Monmouth County's Ask the Doctor November/December

Addressing the Challenges of Cancer Misinformation on Social Media

Misinformation about cancer is pervasive on the Internet and social media. Researchers are trying to understand its impact on patients and cancer care. You or someone you love has just been diagnosed with cancer. You’ve met with the doctor and your head is spinning. You’re over- whelmed and scared. Like many people these days, you turn to the Internet and social media for information. Someone you know points you to a scien- tific-sounding article or a video by a “medical expert” that offers new hope, perhaps by describing treatments that are “all natural” and don’t have unpleasant or serious side effects.

H E A L T H Y M I N D & S O U L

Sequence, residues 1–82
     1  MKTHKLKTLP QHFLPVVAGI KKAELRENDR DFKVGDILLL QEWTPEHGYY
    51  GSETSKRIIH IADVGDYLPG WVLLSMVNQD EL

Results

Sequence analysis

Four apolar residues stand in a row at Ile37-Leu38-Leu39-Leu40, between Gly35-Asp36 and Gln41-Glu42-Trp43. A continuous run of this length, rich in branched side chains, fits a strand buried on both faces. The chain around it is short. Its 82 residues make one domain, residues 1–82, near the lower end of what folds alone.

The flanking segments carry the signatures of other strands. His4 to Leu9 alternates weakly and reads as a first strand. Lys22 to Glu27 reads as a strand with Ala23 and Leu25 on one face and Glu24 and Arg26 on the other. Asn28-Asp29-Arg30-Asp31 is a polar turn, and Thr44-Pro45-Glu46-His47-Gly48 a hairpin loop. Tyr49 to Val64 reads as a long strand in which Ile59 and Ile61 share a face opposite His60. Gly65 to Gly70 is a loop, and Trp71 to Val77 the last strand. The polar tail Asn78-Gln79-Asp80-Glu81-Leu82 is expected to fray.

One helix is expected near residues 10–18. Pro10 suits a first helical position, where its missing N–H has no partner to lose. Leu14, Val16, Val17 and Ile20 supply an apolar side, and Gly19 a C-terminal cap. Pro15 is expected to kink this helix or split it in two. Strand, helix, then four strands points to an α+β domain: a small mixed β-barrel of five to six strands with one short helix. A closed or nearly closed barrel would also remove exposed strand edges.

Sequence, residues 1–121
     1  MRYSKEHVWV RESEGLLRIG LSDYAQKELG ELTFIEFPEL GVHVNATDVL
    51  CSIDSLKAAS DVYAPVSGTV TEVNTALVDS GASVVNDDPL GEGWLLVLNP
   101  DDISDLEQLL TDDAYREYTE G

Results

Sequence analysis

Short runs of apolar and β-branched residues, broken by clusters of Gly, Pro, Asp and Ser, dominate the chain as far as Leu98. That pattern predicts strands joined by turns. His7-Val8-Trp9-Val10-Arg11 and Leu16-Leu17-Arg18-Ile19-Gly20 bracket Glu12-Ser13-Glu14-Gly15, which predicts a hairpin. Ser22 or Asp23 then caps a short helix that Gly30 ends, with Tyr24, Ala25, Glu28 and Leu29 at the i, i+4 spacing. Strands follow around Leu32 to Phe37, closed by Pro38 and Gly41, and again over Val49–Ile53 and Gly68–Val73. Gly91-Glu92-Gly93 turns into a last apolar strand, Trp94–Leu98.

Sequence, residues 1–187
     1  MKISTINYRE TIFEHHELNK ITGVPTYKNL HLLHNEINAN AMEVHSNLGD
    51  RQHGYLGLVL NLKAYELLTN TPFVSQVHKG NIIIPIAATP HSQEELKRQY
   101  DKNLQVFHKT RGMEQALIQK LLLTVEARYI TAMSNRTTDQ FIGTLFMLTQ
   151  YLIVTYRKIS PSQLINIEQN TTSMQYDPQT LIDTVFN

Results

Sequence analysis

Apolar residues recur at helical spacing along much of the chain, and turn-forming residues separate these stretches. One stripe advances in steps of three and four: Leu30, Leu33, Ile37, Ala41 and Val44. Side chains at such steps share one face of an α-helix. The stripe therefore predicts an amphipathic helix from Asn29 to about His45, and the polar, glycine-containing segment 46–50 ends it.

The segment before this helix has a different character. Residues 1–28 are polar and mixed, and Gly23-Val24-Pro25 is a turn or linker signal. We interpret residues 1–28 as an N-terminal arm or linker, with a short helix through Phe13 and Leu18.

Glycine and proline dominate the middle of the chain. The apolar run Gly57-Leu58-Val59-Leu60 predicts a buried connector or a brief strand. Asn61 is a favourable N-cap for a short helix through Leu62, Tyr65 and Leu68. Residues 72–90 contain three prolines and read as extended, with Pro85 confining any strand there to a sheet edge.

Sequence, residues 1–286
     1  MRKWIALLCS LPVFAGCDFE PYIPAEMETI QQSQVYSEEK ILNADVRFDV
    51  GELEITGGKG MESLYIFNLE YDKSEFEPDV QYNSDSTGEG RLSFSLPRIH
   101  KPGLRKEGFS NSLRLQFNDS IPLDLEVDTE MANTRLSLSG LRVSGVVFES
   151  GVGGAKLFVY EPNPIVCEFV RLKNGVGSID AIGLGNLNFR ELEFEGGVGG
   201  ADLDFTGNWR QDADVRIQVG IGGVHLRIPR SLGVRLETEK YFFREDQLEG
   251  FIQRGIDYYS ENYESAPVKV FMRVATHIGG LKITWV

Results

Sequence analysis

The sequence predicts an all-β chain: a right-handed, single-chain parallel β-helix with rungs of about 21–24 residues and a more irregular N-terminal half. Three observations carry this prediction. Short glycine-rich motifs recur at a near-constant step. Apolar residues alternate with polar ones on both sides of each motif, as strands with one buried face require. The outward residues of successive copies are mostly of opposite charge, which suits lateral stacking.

And although the information may sound too good to be true, the site includes testimonials from patients or their family mem- bers who describe miraculous results. Scenarios like this are all too common, say oncologists, health communication experts, and the information specialists who field questions for NCI’s free Cancer Information Service (CIS). “People have been sharing inaccurate health information since the beginning of time,” said Wen-Ying Sylvia Chou, Ph.D., M.P.H., of NCI’s Health Communication and Informatics Research Branch (HCIRB). But the Internet and social media have made it far easier to share and spread health misinformation, Dr. Chou said. Indeed, a recent study found that of the most popular articles posted on social media in 2018 and 2019 on the four most common cancers, one in every three contained false, inaccurate, or misleading information. And most of that misinfor- mation about cancer was potentially harmful. Further, Dr. Johnson’s team found, people were more likely to engage with misinformation than with factual information. “A substantial proportion of the content on YouTube was potentially biased and/or misinformative,” and those videos got more views and thumbs-ups than videos containing accurate information, said Stacy Loeb, M.D., M.Sc., of the NYU School of Medicine, who led that study. For example, one popular video recommended injecting herbs into the prostate to treat cancer, which is unproven and potentially dangerous. More recently, other studies led by Dr. Loeb found similarly misleading information about prostate cancer on TikTok and Instagram. “It’s clear that cancer misinformation is a pervasive problem across social networks,” Dr. Loeb continued. More research is needed on the impact of online misinformation on decisions about medical care and on people’s health, she added. And effective strategies are needed to address the problem, she stressed. Solutions to this problem aren’t simple. But, according to several oncologists and health communication experts, health care providers can help by keeping the lines of communication open, listening to patients in a nonjudgmental way, work- ing with them as partners to make decisions about cancer screening and treatment, and providing them with suggested resources for more information. It’s also important to look at how people who are not experts evaluate specific claims on social media, Dr. Vanderpool said. Video, tone of voice, and even things such as color schemes can have a strong impact on how people process infor- mation, she noted. Doctors who diagnose and treat cancer have been dealing with misinformation for a long time. And some misinforma- tion can lead patients to express doubts, hesitancy, or fear of taking proven treatments, said Lidia Schapira, M.D., of Stan- ford University, an oncologist who specializes in treating breast cancer. In these situations, listening to people’s concerns with empathy and respect is critical, she emphasized. Dr. Schapira starts “by asking questions, listening, and being nonjudgmental.” From there, she tries to identify oppor- tunities for negotiation. “For example, I will ask the patient to imagine the consequences of taking or not taking such a treatment, and then try to find some alignment of purpose—such as achieving a cure or good quality of life—and com- mon ground.” Continued on page 25...




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